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Chronic Lymphocytic Leukemia

Abstract

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NORD is very grateful to Jennifer R. Brown, MD, PhD, Director, CLL Center, Dana-Farber Cancer Institute, Assistant Professor of Medicine, Harvard Medical School, for the assistance in the preparation of this report.

Synonyms of Chronic Lymphocytic Leukemia

  • chronic lymphoid leukemia
  • CLL
  • SLL (small lymphocytic lymphoma)

Disorder Subdivisions

  • Ig-mutated CLL
  • Ig-unmutated CLL

General Discussion

Chronic lymphocytic leukemia (CLL) is a malignant blood disorder in which there are an increased number of white blood cells in the lymphoid tissue. In CLL, the abnormal lymphocytes, also called leukemic cells, are produced instead of healthy white blood cells, and then accumulate over time. As the number of unhealthy blood cells grows, there is less room for healthy cells. The combination of fewer healthy cells, and the fact that the CLL lymphocytes are poor at fighting infections can lead to frequent infection, anemia, and easy bleeding. This disease progresses slowly, and the uncontrolled buildup and enlargement of lymphoid tissue can occur in various sites of the body such as the lymph nodes, spleen, bone marrow, and lungs. CLL is the most common type of leukemia in adults and very rarely occurs in children.

In the majority of cases, chronic lymphocytic leukemia is the result of a rapid production of B lymphocyte cells (a short-lived type of white blood cell that is responsible for the production of vertebrate serum proteins that include antibodies). What was previously called CLL derived from T lymphocytes has been renamed as another disorder, T cell prolymphocytic leukemia. The overgrowth of cells in this T-cell disease tends to be much faster.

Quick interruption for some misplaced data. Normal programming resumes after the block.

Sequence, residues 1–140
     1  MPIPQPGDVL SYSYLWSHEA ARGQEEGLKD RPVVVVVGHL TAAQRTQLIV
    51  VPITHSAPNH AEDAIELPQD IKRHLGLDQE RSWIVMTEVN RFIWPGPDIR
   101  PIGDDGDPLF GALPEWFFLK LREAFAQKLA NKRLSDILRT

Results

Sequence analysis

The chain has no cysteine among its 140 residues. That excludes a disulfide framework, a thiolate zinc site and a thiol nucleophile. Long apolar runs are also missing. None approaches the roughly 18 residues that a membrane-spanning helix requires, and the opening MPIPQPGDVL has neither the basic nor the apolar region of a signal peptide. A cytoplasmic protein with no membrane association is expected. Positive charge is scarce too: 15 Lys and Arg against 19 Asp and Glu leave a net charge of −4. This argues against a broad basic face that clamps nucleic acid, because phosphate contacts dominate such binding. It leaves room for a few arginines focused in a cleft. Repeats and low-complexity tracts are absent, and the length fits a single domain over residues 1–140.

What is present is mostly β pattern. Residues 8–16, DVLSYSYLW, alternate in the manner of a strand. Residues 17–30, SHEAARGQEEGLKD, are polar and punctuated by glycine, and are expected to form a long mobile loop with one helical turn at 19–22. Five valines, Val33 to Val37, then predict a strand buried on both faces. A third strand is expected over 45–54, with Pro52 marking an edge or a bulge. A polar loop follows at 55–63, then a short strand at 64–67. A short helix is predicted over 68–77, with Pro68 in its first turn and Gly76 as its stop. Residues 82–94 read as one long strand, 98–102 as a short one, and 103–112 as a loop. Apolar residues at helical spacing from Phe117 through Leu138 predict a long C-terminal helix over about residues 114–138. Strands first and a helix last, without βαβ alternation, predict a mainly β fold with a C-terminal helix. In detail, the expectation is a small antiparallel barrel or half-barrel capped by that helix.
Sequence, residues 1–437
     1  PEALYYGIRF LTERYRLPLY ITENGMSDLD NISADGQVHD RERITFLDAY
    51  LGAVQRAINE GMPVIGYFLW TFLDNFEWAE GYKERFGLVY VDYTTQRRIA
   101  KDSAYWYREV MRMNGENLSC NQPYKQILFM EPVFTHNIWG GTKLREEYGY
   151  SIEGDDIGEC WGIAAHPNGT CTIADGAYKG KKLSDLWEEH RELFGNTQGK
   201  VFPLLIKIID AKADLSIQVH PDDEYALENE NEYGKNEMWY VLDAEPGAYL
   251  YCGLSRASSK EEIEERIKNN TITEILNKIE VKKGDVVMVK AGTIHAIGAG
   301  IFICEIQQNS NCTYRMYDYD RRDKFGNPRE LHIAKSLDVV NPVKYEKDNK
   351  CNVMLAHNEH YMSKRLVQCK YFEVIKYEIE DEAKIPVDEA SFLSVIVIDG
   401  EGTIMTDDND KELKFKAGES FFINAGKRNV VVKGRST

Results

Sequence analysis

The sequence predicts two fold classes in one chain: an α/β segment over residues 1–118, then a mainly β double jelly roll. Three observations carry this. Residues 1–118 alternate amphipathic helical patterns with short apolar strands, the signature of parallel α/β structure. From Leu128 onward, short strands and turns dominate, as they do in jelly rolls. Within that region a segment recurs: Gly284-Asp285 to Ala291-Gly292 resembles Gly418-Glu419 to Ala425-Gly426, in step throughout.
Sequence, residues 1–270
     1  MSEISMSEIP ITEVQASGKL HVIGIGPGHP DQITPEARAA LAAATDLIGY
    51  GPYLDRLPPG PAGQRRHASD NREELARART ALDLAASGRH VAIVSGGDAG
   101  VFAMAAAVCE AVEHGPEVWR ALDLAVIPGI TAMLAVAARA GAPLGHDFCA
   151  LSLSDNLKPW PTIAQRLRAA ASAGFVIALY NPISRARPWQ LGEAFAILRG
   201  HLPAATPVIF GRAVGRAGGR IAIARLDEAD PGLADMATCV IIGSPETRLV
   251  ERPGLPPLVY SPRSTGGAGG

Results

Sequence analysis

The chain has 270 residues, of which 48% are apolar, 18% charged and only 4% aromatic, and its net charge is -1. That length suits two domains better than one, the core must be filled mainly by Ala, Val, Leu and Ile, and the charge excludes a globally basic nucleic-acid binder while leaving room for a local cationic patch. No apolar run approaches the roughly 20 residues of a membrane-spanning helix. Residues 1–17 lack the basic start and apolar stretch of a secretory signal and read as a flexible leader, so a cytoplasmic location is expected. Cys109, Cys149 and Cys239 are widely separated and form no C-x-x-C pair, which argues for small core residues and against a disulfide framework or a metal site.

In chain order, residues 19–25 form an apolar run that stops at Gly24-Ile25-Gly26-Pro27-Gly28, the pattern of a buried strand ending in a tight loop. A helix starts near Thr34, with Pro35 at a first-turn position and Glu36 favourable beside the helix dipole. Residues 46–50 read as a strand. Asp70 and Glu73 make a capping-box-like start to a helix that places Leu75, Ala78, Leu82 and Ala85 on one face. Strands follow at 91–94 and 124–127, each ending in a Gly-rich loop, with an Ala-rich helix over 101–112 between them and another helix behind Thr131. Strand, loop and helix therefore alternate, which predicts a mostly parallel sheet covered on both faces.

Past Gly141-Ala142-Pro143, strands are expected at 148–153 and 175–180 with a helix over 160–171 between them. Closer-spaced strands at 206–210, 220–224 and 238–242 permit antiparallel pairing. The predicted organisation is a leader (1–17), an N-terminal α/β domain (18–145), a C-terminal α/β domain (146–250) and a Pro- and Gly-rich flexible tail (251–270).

The ability to distinguish between cells that have unmutated IgVH (Ig-unmutated CLL) and mutated IgVH (Ig-mutated CLL) has become very important in predicting the course of the disease (prognosis). Patients who have Ig-unmutated CLL have a much shorter average survival period of about 7 years compared to Ig-mutated CLL patients, whose average survival period is about 25 years. These survival times however are based on older data and likely longer now, with improved therapies. A protein called ZAP-70 is correlated with the IGVH status about 75% of the time but also provides independent prognostic information. Determining the subset of CLL based on IGVH status is important because it predicts prognosis. Because CLL usually progresses so slowly, many patients do not need immediate treatment and some do not even require it in their lifetime. Treatment is still based primarily on symptoms or worsening blood counts, not on these prognostic factors.

Chronic Lymphocytic Leukemia Resources

Organizations:

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